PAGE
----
When it comes to the world of roleplaying games as a North American gamer, I’ve grown accustomed to not seeing all that the world has to offer. Sometimes it means that that we miss out on a few titles in popular series or even entire franchises like the apparently widely popular Chinese RPG series Chinese Paladin or The Legend of Sword and Fairy depending on the particular game. For us western players we get our first taste of the series’ eighth installment with the release of Sword & Fairy 6 for the PlayStation 4.
If you’re already confused by that last sentence you’re not the only one. Well similar in style that Xenoblade Chronicles 2 got a physical standalone prequel content after its original release so did this series’ third and fifth entries. With that out of the way onward to a drama filled adventure with wuxia (martial heroes) and shenmo (Chinese mythology) element in a fantasy setting.
After a long intro you find out that after the birth of the ancient god Shen Nong there was a major war that stemmed from three tribes fighting over control of supreme power through the nine springs of Jiuquan. After the Beasts are eventually defeated by the coalition between the Gods and Man, Shen Nong and the Jiuquan disappear from the world. In the absence of these legends new conflicts have arisen between the factions of the True Martial Alliance, Risen Soul Saints and the Hengdao Society.
Right from the start you find yourself thrown right into conflict between swordsman Yue Jinzhao and his seemingly protégée of sorts Yue Qi against a master martial artist named Luo Zhaoyan. As with all good RPGs things are not as they seem as Jinzhao and Qi find them involved in far more sinister than Qi being scammed by Risen Soul Saints with promises of ever-lasting happiness. These are just a few of your eventual party members who all specialize in some form of martial arts discipline, except the mechanist because that would be crazy. He uses a remote-controlled wooden robot bear to fight instead.
Once you acquire enough main characters you can go into battle with up to 4 members in your party in a mix of turn based and real time combat. You are only really in direct control of one character with the others being controlled by the AI pattern that you select in combat much like you see in the Tales series. You can switch to a different character much like you can change the party leader outside of combat. This is important especially when you have your healer Ming Xiu in your party as the AI is not the smartest on when to actually cast heals.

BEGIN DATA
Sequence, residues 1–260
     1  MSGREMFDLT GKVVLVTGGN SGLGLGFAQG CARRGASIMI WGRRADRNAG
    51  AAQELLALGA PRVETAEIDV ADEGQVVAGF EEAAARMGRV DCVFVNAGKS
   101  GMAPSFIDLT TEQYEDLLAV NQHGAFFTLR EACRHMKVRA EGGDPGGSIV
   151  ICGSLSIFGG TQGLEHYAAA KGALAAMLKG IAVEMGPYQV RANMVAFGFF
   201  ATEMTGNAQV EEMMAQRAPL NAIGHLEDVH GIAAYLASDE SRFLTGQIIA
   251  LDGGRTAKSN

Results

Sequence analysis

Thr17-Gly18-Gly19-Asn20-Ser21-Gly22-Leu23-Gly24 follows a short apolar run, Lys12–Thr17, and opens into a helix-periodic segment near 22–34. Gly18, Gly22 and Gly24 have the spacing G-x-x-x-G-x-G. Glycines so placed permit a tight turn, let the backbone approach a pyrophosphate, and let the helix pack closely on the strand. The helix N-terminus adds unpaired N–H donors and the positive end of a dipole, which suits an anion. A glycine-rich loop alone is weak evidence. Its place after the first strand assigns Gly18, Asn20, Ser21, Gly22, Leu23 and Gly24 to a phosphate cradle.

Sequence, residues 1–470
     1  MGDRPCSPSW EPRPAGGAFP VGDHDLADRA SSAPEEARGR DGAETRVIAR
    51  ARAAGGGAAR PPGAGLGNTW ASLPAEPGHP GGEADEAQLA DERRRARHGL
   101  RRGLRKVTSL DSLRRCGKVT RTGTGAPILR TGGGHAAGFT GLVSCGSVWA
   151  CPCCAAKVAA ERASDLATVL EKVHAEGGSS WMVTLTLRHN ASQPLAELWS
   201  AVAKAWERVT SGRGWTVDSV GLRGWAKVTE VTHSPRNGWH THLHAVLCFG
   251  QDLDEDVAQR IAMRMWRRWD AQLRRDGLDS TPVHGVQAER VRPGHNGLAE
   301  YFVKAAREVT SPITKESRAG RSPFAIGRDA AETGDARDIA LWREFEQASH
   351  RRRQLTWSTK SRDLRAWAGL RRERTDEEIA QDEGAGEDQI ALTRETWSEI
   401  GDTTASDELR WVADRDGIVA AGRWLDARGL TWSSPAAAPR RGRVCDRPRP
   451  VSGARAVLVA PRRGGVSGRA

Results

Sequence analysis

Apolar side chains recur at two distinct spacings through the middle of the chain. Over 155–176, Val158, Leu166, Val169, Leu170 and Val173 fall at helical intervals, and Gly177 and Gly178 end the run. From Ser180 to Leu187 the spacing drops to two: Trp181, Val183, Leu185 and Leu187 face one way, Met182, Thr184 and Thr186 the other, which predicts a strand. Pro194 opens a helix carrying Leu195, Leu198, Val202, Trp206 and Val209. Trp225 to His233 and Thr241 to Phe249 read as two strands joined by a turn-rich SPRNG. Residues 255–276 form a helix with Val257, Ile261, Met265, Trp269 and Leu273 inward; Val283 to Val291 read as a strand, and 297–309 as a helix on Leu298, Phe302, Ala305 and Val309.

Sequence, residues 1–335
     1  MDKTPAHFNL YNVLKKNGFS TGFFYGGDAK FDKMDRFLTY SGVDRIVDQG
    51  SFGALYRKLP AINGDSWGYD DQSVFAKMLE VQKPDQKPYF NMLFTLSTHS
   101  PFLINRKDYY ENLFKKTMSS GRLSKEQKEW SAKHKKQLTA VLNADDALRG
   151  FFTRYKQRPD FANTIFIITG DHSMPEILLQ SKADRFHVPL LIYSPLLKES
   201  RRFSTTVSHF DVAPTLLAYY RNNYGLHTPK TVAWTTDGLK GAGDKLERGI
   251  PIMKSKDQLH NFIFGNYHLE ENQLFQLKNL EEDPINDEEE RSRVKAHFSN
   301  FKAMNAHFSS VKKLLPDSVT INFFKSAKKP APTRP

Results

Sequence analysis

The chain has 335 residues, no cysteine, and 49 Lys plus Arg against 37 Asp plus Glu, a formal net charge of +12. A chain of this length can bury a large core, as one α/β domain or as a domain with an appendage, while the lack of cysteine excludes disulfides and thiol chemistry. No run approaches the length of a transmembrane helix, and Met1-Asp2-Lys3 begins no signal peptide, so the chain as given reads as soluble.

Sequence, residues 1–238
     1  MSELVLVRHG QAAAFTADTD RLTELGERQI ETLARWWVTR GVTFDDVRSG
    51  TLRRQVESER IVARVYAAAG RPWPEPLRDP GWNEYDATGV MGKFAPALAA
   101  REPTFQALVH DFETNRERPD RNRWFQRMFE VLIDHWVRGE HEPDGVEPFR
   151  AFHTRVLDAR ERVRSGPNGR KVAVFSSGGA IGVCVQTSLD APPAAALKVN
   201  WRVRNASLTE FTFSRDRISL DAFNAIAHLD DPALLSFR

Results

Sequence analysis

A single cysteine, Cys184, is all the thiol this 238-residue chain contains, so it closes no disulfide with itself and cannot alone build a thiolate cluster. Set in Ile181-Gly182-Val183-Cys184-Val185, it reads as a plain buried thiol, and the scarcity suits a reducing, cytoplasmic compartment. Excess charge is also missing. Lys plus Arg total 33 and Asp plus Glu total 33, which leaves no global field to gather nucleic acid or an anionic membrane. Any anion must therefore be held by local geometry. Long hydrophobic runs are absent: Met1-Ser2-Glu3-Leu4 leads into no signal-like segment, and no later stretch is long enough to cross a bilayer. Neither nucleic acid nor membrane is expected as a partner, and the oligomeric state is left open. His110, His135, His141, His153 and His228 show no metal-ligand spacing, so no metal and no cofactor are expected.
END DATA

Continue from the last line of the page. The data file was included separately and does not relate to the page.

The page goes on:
The nice thing is that each character actually has two roles in the form of offensive and defensive which can be switched between. You can also choose to trigger auto fighting but I wouldn’t recommend it during more crucial fights. Though it is pretty cool to watch the flashy battle animations play out on their timers. Yue Qi easily my favorite character both in and out of combat as she reminds me of a more nimble Noctis.
The biggest thing that hold back watching the fights or actually controlling them is the technical issues that the PS4 version faces. While it’s stable for the most part there is clearly some issues with its port to the console market. Released originally in 2015 on PC, it feels very little was done to optimize it for stability. Most of the time, I could push through mainly in a desire to continue its engaging story and get to know its characters better. It’s a bit of a problem however when you’re inputting selections during battle or trying to navigate the various platforming segments. One redeeming thing is that the controls are at least mapped to be pretty fluid with a little practice.
The story as I’ve mentioned is it biggest pull for me and it’s where you can also see and hear some of its more polished features. For starters the character models and voice acting are quite good for the majority of the story presentation. The game is voiced entirely in Chinese with subtitles which in Sword & Fairy’s instance is a real asset. The music is also very well done and really adds to the immersion. The downside to the overall presentation is that the environments just do not hold up compared to the characters. Visually it looks like it was made for the PS2 during its development which really is a shame.
Sword & Fairy 6 is a title that really has a lot to offer if it wasn’t marred by some rather painful issues. Time will tell if we get some updates that may fix at least some of its stability as far as framerates are concerned. I personally didn’t run into anything that completely made it unplayable, so I was able to experience an actually enjoyable and well told story. If you’re willing to take a chance to experience Sword & Fairy 6 for its story then it’s probably worth checking it out especially since it’s not a full priced release.